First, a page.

• mechanical and electrical engineering projects as well as software projects. Work
  • breakdown structures decompose the work to be done in a project into successively
  • smaller components. The result is a hierarchical structure. This is usually done by the
  • project manager, but may be done by sub managers or engineers. Being able to prepare
  • a work breakdown is an important project management skill and needs experience.
  • Specialist engineers may be required to complete a WBS where specialised work is
  • involved. The work breakdown structure enables the project manager to estimate more
  • accurately and later on helps in controlling the project. A typical breakdown may start
  • with a project being divided into phases, stages, activities and tasks. The lowest level in
  • the breakdown is usually a task though occasionally task may be further subdivided into
  • sub-task or even steps. The number of tasks in a project can be very large. The absence of a work
  • breakdown structure can cause problems in a project as it may not be possible to estimate accurately
  • or assign work effectively. If the work breakdown structure is not complete in some way, then the
  • project is almost certain to overrun. One project manager was quoted as saying that a good work
  • breakdown structure is of ‘monumental importance’. A proper work breakdown structure is normally
  • coded with a simple numeric coding system. The work breakdown structure may also be reflected in a
  • Gantt chart. A Gantt chart is a sort of horizontal bar chart used for showing the timing and duration of
  • the various stages of a project.
  • How to get from here to there
  • Practice
  • Would you sit your driving test without ever driving a car?
  • Practice makes perfect…

Practice Exam Skills

  • 50% how well you know your material
  • 50% performance in exams
  • Knowing something is not the same as being able to do it when the situation demands it.
  • You need to practice in a simulated environment.

Steps to Practice

  • Get sample exam questions
  • Practice your starting procedures
  • Practice analysing questions (5 mins)
  • Practice generating ideas (5 mins)
  • Practice developing a structure (5 mins)
  • Practice writing Introduction (5 mins)
  • Practice past exam questions (timed and un timed)
  • Mark your own answers as critically as possibly


Study preparation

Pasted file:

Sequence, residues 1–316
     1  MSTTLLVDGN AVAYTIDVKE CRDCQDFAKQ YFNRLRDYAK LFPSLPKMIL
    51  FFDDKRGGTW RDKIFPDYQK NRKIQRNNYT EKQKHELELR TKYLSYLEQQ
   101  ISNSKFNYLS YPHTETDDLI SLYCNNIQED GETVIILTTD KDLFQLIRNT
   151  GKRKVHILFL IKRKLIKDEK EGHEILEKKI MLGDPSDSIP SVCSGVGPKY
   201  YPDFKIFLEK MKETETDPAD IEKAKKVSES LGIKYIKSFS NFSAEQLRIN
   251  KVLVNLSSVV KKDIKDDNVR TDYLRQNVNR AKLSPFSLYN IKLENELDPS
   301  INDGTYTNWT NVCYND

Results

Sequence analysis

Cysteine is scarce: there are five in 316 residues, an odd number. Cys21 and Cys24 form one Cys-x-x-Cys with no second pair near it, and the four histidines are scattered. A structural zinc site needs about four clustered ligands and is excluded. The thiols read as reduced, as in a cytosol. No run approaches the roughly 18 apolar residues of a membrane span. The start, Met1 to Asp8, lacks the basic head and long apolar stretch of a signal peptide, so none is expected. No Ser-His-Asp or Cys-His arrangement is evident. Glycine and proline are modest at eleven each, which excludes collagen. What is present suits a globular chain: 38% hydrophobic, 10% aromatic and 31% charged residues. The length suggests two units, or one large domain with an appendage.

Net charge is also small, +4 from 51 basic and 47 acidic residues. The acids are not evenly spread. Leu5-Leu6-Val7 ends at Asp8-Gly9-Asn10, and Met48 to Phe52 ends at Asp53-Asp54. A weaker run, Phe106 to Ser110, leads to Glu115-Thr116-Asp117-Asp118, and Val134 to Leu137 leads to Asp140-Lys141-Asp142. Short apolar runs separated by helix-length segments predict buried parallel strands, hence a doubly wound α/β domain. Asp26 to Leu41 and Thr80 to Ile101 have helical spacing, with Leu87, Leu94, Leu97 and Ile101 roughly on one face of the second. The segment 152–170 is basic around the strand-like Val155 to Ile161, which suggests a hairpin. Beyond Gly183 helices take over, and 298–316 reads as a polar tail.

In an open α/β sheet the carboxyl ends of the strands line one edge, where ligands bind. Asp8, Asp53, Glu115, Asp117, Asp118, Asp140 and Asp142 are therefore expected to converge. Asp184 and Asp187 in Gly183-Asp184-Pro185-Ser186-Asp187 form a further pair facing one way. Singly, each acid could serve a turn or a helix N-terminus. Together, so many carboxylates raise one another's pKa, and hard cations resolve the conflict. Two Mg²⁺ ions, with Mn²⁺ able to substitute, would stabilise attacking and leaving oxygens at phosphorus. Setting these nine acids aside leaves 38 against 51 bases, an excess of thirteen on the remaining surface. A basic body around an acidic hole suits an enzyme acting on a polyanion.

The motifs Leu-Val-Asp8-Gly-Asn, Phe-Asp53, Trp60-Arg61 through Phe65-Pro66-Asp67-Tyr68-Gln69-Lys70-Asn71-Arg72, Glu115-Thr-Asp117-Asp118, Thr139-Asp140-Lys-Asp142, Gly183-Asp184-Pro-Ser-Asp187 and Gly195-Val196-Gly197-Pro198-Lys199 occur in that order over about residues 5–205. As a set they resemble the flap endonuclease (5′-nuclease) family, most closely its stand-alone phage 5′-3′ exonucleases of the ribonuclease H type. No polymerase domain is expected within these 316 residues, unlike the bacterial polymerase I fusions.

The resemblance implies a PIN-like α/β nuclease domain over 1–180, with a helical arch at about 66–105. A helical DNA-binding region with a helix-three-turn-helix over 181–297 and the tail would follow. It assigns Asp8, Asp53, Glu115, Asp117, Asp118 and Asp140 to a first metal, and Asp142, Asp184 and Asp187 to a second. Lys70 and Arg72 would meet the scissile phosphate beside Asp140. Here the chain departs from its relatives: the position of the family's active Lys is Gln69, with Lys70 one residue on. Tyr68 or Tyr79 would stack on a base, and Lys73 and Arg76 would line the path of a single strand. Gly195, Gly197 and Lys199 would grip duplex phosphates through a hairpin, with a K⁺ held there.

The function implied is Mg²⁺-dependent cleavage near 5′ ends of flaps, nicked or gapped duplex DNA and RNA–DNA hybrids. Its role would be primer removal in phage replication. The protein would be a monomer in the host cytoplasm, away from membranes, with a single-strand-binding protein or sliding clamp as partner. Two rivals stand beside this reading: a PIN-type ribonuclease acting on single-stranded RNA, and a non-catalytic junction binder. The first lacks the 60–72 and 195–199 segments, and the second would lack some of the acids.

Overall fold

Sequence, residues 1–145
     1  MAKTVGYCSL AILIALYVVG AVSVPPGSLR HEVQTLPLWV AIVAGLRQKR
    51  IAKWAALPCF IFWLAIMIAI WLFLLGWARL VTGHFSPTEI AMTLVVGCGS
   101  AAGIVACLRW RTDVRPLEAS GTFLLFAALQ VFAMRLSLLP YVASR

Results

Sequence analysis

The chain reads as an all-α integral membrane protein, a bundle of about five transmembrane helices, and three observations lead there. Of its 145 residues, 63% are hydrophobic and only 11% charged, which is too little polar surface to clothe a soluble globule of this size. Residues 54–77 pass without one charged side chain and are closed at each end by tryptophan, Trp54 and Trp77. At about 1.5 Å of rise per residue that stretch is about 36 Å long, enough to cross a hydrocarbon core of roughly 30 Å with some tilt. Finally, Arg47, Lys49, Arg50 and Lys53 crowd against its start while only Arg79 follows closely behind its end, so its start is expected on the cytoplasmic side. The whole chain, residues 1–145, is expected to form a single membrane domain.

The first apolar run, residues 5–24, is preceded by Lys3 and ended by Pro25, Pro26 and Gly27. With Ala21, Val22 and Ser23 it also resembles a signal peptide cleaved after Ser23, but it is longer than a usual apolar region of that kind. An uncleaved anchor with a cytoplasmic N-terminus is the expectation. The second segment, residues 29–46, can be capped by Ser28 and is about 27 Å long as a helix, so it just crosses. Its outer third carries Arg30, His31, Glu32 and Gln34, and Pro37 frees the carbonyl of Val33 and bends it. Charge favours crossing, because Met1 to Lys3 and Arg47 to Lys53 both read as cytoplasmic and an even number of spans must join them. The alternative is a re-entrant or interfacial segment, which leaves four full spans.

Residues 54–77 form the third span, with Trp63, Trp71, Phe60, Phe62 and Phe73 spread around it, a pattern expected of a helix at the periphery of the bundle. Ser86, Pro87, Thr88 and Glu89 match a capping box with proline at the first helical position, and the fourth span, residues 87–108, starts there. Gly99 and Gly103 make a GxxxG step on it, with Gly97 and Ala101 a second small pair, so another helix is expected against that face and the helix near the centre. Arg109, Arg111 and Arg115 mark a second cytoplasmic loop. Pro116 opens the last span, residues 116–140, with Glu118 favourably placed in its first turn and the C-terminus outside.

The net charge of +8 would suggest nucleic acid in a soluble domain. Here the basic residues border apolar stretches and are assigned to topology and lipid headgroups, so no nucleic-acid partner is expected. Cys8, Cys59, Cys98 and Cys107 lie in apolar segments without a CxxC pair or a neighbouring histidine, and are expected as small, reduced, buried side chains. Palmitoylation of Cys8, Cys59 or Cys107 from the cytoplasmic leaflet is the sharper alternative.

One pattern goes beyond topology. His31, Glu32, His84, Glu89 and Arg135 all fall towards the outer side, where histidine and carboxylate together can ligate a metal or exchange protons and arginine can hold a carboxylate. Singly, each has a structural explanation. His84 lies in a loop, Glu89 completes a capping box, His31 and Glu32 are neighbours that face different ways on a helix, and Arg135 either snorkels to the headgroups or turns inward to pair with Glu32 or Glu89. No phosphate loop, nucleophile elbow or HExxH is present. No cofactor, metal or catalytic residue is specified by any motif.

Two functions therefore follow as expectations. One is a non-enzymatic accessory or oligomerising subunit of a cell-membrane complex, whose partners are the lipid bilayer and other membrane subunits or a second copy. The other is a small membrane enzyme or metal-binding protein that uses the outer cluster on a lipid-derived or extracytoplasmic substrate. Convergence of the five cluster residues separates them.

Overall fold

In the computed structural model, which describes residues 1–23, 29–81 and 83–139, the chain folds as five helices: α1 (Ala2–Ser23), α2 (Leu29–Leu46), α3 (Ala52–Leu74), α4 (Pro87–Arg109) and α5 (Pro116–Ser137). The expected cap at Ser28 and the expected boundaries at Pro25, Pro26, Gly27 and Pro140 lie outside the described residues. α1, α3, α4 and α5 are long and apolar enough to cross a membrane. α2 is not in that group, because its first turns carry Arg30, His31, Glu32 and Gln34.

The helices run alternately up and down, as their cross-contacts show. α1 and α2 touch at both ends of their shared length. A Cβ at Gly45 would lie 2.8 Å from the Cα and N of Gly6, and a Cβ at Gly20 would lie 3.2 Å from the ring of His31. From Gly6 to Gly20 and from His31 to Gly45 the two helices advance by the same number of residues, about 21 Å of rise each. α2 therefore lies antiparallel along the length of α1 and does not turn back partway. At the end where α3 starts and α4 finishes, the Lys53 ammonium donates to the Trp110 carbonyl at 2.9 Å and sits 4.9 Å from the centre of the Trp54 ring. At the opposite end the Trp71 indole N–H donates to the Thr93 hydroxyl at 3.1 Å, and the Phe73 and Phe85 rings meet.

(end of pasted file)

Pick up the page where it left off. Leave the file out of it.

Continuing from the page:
• Generate a list of major topics using your notes and past exam papers.
  • Create a chart or summary sheet of the main topics.
  • Generate ideas and plan an outline for each question
  • Follow a structure and review your essays (time spent and quality of your answers)

Not practicing leads to..

  • Poor Handwriting
  • Brain Dumping
  • Irrelevant Material
  • Poor Structure
  • Running out of time
  • Anxiety
  • Exam Writing

Equal time for equal marks

  • Leave time at beginning (to plan) and end (to check) paper.
  • Question 2
  • 40 minutes
  • Question 3
  • 40 minutes
  • Question 4
  • 40 minutes
  • Question 1
  • 40 minutes
  • Maximum gains for time are in
  • the early stages of your answer
  • Plan your time in advance
  • Rehearse producing quality
  • work in time available
  • Equal Time for Equal Marks


  • Think about your
  • examiner

Make your writing legible!!

Tour Guide

  • Use signpost words to develop your argument
  • “This is the broad area, but these are the key issues because…”
  • Headings to delineate sections

A good answer is:

  • Well Focused
      • Answers the question completely,
      • Avoids "padding."
  • Well Organized
      • Plan - outline
      • Introduction which restate the question, states the point(s) you are going to make and also, if possible, how you are going to proceed.
      • Body that makes clear, well supported, relevant points
      • Conclusion which summarizes the material covered and emphasizes your main points.
  • Well Supported
      • Use facts, figures, examples, tests, etc. prove your point.
  • Well Packaged
      • Use conventions of language in your field.
  • Adapted from
  • Remember!

Main Points to remember!

  • Rehearse– look at old exam papers
  • Practice producing quality work in time available e.g. If questions are 20 mins long, practice writing answers for 20 mins

Main Points to remember!

  • Answer the question asked – key words
  • Equal time for equal points – plan time in advance if possible
  • Do an outline as a guideline
  • Write clearly, simply and legibly

Watch out for upcoming workshops

  • Science Exam Skills – Wednesday 27 March
  • Exam Taking Strategies – Tuesday 2nd , Thursday 4th, Wed 10th April
  • Exam Nerves – how to overcome them – Tuesday 9th April

Student Learning Development

  • Phone us - 01 8961407
  • Visit our website at: